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The United States Steam Sloop Wyoming

Since prior to the Civil War, the United States Navy has had ships named the USS Wyoming. The first, depicted above, however, was not named after the State but, instead, after a valley and battle in Pennsylvania. Additionally, there have been several civilian ships named Wyoming.

USS Wyoming, SSBN-742.

The present USS Wyoming is the fourth ship (the present USS Wyoming is properly referred to as a boat, not a "ship", ships are on top of the water, submarines are boats) in the U.S. Navy named the Wyoming. The first, depicted at top of page, a wooden-hulled steam sloop named after the Wyoming Valley in eastern Pennsylvania, was launched in 1859. In 1862, under the command of Comdr. David Stockton McDougal (1809-1882), the Wyoming joined the hunt for the elusive CSS Alabama in the western Pacific. Although, the Wyoming never caught up with the Alabama, in 1863 in a confrontation with the Empire of Japan in the Straits of Shimonoseki, the Wyoming protected American treaty rights in the western Pacific, sinking two Japanese ships, disabling a third, and destroying a shore battery

United States Steam Sloop Wyoming in the battle of Shimonoseki Straits, 1863.

The battle of Shimonoseki Straits, 1863.

In 1873, under the command of William B. Cushing, the Wyoming was dispatched with another ship to Sandiego de Cuba as a result of the capture of the American flag sidewheel steamer Virginius by the Spanish cruiser Tornado off Jamaica and the execution of its captain, Joseph Fry and 53 of the crew and passengers, eight of whom were Amerian citizens.

Left, David S. McDougal, Right, William B. Cushing

The appearance of the Wyoming resulted in the release of the remaining 51 sailors and the return of the Virginius to its owners. The Virginius Affair resulted in realization of the necessity of upgrading the Navy and distrust of the Spanish in Cuba which, in turn, had an impact 25 years later on public perception of blame for the sinking the the Maine. It was later discovered that, in fact, the Virginius was owned by Cubans and was not entitled to American flag status. On 30 October 1882 the Wyoming was decommissioned. On 9 May 1892 she was sold.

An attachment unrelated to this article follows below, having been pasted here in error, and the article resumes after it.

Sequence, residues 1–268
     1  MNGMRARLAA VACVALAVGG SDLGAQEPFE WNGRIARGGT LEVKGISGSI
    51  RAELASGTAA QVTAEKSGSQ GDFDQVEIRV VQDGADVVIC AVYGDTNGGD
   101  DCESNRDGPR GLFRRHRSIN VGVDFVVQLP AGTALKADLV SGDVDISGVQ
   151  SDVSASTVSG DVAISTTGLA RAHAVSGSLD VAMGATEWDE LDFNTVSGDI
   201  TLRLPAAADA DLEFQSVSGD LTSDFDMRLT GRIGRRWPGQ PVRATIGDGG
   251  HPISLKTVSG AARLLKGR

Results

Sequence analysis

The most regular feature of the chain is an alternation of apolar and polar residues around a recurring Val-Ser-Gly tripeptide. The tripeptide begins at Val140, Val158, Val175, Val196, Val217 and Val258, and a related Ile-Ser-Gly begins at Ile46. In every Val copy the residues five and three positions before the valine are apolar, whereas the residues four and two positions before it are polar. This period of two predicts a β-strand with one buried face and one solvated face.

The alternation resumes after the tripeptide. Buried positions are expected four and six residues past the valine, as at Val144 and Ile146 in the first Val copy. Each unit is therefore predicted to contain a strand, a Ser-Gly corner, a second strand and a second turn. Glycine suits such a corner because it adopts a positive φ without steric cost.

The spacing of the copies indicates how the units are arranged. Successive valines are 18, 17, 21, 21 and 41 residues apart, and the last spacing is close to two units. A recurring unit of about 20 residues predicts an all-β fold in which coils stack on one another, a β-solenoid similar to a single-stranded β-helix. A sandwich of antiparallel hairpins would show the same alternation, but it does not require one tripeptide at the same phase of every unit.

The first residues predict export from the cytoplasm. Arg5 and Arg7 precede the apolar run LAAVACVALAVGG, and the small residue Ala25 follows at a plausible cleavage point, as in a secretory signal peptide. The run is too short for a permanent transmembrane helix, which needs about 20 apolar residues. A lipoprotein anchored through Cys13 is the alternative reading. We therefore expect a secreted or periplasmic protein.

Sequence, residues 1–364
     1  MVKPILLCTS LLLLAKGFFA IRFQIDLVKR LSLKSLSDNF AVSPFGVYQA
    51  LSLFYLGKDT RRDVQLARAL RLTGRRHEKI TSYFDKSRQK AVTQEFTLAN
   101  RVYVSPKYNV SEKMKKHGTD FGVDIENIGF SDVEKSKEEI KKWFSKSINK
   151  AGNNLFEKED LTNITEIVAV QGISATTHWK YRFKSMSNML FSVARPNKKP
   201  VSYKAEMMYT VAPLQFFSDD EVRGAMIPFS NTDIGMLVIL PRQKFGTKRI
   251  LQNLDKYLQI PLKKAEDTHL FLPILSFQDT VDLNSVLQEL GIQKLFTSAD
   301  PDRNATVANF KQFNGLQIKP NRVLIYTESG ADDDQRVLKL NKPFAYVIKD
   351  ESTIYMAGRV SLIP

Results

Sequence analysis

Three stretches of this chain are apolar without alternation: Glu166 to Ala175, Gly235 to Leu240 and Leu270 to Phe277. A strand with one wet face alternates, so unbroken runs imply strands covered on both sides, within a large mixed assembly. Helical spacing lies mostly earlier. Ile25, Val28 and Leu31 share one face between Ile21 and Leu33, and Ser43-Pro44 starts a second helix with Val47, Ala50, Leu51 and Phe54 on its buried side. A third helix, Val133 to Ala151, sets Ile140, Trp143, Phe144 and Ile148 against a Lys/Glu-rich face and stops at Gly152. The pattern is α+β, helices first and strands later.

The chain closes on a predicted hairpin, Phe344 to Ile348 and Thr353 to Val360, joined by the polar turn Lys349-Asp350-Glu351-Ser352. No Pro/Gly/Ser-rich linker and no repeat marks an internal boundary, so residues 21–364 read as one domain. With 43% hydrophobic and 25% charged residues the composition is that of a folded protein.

The United States Monitor Wyoming

The second USS Wyoming was the United States Monitor Wyoming, authorized in 1898 and launched in 1900 at the Union Iron Works in San Francisco. Her sponsor was Miss Hattie Warren, daughter of Wyoming U.S. Senator Francis E. Warren. In 1908 she became the first U.S. ship to be converted from coal to oil. The front turret was added approximately the same year. Her name was changed to the USS Cheyenne on 1 January 1909, in order to permit a third vessel to be named the USS Wyoming. In 1913, she was refitted as a submarine tender. The Cheyenne was decommissioned in 1920, recommissioned and decommissioned for the final time on 1 June 1926, struck from the Navy list on 25 Jan 1937 and sold for scrap on 20 April 1939.

USS Cheyenne, formerly, the Wyoming in drydock.

Note front turret which was added about 1908.

Music this Page:

(The Hymn of the United State Navy
The Royal Navy and other Navies of the Commonwealth)

Eternal Father, strong to save,
Whose arm hath bound the restless wave,
Who bidd'st the mighty ocean deep
Its own appointed limits keep;
Oh, hear us when we cry to Thee,
For those in peril on the sea!

O Christ! Whose voice the water heard
And hushed their raging at Thy word,
Who walked'st on the foaming deep,
And calm amidst its rage didst sleep;
Oh, hear us when we cry to Thee,
For those in peril on the sea!

Most Holy Spirit! Who didst brood
Upon the chaos dark and rude,
And bid its angry turmult cease,
And give, for wild confusion, peace;
Oh, hear us when we cry to Thee,
For those in peril on the sea!

O Trinity of love and power!
Our brethren shield in danger's hour;
From rock and tempest, fire and foe,
Protect them wheresoe'er they go;
Thus evermore shall rise to Thee
Glad hymns of praise from land and sea.

Next page: The United States Superdreadnaught Wyoming .